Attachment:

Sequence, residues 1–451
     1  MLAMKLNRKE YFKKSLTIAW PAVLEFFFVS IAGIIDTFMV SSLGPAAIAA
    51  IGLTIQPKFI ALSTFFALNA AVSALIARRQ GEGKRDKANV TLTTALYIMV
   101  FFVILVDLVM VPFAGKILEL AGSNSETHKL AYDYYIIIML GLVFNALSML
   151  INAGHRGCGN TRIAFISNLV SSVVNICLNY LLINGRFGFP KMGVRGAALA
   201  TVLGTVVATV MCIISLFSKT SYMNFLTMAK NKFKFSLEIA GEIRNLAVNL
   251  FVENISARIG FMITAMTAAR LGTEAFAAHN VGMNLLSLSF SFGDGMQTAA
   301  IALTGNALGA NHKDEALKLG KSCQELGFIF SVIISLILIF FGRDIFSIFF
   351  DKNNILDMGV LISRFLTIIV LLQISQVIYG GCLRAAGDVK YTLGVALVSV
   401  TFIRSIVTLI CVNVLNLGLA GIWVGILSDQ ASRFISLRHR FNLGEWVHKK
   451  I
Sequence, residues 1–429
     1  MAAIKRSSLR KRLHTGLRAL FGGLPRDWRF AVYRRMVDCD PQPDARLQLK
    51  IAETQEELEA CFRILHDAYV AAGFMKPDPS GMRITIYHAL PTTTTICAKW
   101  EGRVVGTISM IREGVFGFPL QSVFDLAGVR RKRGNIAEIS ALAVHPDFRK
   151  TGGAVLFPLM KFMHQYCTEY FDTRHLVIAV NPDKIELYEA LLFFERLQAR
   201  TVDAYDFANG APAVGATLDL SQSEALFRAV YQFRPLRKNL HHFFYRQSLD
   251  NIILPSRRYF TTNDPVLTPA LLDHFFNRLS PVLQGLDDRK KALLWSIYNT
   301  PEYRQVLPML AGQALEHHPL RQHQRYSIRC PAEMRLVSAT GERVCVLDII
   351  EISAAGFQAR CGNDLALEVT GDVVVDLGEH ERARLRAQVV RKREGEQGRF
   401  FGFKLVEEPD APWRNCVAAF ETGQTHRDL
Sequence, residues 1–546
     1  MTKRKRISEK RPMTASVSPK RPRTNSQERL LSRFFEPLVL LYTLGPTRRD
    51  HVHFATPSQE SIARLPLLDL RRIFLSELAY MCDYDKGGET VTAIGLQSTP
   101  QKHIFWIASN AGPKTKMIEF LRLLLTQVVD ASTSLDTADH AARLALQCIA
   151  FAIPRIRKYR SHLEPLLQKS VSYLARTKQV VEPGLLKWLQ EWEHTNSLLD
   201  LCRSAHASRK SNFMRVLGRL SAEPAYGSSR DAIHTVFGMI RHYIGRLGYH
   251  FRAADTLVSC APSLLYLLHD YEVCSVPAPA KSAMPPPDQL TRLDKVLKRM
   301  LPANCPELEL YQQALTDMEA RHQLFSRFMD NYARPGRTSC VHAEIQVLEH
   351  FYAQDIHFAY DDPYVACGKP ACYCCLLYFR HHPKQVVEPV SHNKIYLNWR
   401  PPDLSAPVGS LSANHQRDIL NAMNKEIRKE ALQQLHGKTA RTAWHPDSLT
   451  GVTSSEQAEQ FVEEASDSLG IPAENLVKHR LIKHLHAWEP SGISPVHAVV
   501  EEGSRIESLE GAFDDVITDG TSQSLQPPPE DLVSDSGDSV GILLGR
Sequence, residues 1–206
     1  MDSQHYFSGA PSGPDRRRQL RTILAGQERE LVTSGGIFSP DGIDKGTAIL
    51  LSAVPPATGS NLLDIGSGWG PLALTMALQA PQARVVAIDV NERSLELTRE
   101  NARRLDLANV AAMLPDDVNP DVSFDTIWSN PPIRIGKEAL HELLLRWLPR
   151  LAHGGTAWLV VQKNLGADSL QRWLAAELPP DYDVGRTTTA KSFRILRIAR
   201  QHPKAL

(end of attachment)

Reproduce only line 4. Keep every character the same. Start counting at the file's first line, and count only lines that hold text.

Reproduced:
   101  FFVILVDLVM VPFAGKILEL AGSNSETHKL AYDYYIIIML GLVFNALSML